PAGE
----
Hold off on breakfast this morning and head to Leybourne Lakes and Kings Hill, just north of
Maidstone, the real-life setting of Meadowlands in the Channel 4 psychological thriller Cape Wrath
(aka Meadowlands in the USA). It was filmed entirely in Kent and production was based at The
Maidstone Studios. Life doesn‟t go to plan when Danny, his wife and family relocate under a
witness protection scheme to the seemingly idyllic village of Meadowlands (recognise the
distinctive New England-style houses?), but for us Leybourne Lakes Country Park is the ideal spot
for a picnic breakfast (refreshments are also available daily during summer holidays and at
weekends and Bank Holidays through the rest of the year). www.tmbc.gov.uk
Continue the day in captivating fashion with a visit to Groombridge Place Gardens & Enchanted
Forest, near Tunbridge Wells: beautiful stage for the lavish 2005 film adaptation of Jane Austen‟s
classic story of love and social mores, Pride and Prejudice. The 17th-century moated manor was
chosen to be Longbourn, the Bennet‟s family home, because (in the words of the film‟s location
manager), “This house has immense charm and is untouched by redevelopment.” Scenes were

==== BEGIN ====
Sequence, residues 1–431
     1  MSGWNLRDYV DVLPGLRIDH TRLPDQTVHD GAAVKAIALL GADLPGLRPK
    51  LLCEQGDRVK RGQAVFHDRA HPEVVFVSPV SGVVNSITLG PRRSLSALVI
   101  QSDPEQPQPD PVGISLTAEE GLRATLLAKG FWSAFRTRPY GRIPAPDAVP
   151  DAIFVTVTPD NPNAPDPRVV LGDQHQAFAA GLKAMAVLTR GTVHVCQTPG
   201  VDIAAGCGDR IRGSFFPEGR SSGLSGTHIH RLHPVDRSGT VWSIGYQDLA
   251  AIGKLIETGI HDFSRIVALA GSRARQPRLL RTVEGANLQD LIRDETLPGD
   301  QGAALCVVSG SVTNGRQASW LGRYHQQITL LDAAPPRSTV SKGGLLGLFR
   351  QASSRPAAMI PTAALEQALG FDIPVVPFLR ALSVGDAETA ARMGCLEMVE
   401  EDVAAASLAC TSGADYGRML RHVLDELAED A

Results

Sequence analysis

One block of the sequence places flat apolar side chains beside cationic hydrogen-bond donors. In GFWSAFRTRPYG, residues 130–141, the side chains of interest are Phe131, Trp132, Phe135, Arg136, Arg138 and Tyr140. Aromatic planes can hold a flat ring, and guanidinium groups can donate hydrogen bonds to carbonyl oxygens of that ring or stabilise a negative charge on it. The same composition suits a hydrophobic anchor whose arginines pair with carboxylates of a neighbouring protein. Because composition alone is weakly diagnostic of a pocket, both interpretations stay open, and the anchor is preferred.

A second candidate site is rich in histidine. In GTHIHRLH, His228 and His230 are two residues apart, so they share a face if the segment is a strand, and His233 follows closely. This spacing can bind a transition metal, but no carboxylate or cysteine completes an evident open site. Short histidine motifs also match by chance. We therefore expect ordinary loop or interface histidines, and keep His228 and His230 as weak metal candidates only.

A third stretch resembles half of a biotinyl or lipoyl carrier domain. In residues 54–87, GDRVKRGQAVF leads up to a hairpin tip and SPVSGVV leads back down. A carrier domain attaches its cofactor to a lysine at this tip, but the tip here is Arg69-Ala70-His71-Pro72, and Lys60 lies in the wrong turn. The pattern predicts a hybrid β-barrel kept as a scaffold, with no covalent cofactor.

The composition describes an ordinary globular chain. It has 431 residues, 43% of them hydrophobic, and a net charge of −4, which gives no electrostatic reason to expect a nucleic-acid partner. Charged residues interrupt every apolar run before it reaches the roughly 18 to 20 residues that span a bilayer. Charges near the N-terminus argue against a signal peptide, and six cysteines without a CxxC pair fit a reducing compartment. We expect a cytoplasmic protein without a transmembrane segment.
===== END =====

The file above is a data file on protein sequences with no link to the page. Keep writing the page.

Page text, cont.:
shot around the lake and gardens, as well as inside the house (not open to the public), and an
exhibition records the experience, including photographs of Elizabeth Bennet (Keira Knightley) and
Mr Darcy (Matthew Macfadyen) in action. www.groombridge.co.uk
Next we travel to Penshurst Place, Tonbridge. This spellbinding stately home amid Tudor gardens
became the film double for Whitehall Palace in The Other Boleyn Girl (adapted from Philippa
Gregory‟s best selling novel of the same name). Follow the sumptuous tale of the beautiful sisters
Anne (Natalie Portman) and Mary (Scarlett Johansson) Boleyn, driven by their family‟s blind
ambition to compete for the love of dashing King Henry VIII (Eric Bana).
Join the royal entourage in the magnificent medieval Baron‟s Hall, the big screen stage for Henry
and Anne‟s wedding feast that seems to seal Boleyn victory in the marriage stakes. Penshurst‟s
giant 16th-century trestle tables were the perfect props for the celebrations. A number of
Penshurst‟s room guides had a break from their usual duties to become film extras for three days –
have a chat and share their experiences. www.penshurstplace.com
After breakfast, we head north to Knole, on the outskirts of Sevenoaks. As you arrive, half close
your eyes and imagine the exterior lit in darkness: this is London by night in The Other Boleyn Girl,
the shadowy edifice standing in for the stone buildings of the capital in the Tudor period. You might
further recognise the night scene of Mary riding away from London. Then, positions please, in the
Green Court and Stone Court: cleverly transformed into the movie setting for the arrival of the